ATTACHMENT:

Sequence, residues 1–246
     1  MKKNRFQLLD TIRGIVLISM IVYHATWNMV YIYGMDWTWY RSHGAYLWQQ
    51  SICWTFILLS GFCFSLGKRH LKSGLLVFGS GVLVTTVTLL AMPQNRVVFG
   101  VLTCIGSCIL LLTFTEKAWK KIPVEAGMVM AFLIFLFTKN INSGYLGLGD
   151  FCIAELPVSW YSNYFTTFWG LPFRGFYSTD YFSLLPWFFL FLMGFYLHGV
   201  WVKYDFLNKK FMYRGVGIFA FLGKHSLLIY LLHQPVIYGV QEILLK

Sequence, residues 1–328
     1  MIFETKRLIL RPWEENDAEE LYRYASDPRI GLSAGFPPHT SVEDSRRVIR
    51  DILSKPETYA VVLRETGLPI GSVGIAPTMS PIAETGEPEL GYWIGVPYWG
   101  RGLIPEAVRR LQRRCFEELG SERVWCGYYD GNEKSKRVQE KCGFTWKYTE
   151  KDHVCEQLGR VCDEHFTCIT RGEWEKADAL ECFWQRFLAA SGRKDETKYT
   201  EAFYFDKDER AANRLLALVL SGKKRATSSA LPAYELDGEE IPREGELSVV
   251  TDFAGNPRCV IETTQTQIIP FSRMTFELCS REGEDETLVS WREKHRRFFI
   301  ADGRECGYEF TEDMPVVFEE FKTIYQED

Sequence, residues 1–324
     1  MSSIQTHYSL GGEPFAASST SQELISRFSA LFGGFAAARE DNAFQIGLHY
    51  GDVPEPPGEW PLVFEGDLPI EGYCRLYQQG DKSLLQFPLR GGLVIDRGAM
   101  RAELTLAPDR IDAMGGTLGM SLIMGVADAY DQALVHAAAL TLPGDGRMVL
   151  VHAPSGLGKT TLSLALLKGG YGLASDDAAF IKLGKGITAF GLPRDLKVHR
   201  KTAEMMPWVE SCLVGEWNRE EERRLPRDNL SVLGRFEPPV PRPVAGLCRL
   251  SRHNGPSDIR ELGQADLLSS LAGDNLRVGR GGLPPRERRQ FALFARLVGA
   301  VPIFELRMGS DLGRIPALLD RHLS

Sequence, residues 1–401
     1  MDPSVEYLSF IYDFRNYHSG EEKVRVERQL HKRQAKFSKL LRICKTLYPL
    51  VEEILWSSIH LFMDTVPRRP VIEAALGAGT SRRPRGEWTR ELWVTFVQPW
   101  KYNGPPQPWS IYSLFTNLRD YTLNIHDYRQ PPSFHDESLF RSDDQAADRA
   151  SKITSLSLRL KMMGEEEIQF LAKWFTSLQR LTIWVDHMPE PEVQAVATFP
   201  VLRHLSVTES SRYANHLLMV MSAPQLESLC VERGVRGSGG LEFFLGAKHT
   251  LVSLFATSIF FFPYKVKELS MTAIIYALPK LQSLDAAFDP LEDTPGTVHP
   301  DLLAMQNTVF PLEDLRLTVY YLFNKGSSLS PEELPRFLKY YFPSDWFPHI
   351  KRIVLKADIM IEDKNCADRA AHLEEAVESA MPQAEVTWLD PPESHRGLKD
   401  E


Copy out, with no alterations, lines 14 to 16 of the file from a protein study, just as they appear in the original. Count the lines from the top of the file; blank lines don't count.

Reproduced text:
   301  ADGRECGYEF TEDMPVVFEE FKTIYQED

Sequence, residues 1–324
     1  MSSIQTHYSL GGEPFAASST SQELISRFSA LFGGFAAARE DNAFQIGLHY